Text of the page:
The End of Cardiostim

A few days ago I received an announcement by email that the Cardiostim meeting for 2018 has been cancelled. The Cardiostim website confirms this, and it looks like the meeting is gone for good. Back in June, 2000, while still an academic electrophysiologist at the University of Colorado, I attended my first Cardiostim meeting in… Continue reading The End of Cardiostim

Tips for using your cellphone

Congratulations on your purchase of a new cellphone! While this tiny rectangle of metal and glass may not look like much, you will soon find yourself drawn into its world  —  inexorably. So as not to become one of those zombie cellphone users you see around you, crashing their cars, walking off cliffs, and ruining… Continue reading Tips for using your cellphone

George Mines and the Impermanence of Knowledge

It was a chilly Fall morning in Montreal. A Saturday, the campus of McGill University was quiet. Students, not much different in 1914 from those of today, were sleeping off their Friday night activities. A cleaning woman entered the Physiology Laboratory to dust the glassware and wash the floors. As she turned a corner she… Continue reading George Mines and the Impermanence of Knowledge

The Smartphone is an Essential Medical Instrument

The storage capacity of the human mind is amazing. One estimate of the size of the brain’s “RAM” is as high as  2.5 petabytes (a million gigabytes). The number is based on the total number of neurons in the brain and the total number of possible connections per neuron. I suspect it is an overestimate,… Continue reading The Smartphone is an Essential Medical Instrument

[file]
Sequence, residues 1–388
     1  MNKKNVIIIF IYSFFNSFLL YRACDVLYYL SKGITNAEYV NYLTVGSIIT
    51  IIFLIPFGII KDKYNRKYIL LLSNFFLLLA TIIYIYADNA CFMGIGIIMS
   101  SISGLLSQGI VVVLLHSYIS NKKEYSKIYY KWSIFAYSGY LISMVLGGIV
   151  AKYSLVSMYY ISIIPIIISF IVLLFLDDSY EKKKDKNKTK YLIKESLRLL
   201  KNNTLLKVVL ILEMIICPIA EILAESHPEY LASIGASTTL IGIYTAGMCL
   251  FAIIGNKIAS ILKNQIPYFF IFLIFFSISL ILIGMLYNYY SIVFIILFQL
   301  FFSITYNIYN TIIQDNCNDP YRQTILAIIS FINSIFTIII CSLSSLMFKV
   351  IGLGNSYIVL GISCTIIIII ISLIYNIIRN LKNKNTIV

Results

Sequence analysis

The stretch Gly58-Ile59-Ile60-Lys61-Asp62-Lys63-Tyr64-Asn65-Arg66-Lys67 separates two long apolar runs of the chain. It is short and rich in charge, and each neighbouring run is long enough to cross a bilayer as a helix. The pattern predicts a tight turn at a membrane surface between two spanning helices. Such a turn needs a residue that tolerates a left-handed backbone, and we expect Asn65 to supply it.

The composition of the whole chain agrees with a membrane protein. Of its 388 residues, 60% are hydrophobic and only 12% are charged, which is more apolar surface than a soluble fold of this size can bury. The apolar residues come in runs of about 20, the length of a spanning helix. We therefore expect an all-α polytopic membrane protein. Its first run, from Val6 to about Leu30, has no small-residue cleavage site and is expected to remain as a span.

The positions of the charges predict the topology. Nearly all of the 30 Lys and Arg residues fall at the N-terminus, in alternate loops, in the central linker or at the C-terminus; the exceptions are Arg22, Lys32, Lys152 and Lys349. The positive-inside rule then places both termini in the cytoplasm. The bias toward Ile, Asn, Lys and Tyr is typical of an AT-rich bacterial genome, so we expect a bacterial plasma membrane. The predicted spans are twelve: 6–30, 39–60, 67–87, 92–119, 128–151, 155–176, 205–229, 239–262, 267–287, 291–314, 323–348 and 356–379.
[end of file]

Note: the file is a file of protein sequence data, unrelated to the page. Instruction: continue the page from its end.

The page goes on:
CenturyLink Sucks, Part 57

I don’t usually work at a coffee shop, but here I am, at Panera’s dealing with their bad (also CenturyLink) internet service, because my internet service is down at home. Yes we are going into DAY NUMBER 4 of the great CenturyLink Internet Service Outage of Parker, Colorado. This started inauspiciously, perhaps coincidentally, during a… Continue reading CenturyLink Sucks, Part 57

Do No Harm

Cardiac neuroses are often iatrogenic in origin. A well-meaning but careless comment by a physician can change a person’s sense of well-being in an instant. The effect can be permanent and devastating. Many clinicians who complain about overly anxious patients don’t appreciate their own role in the genesis of this problem. Our words matter. They… Continue reading Do No Harm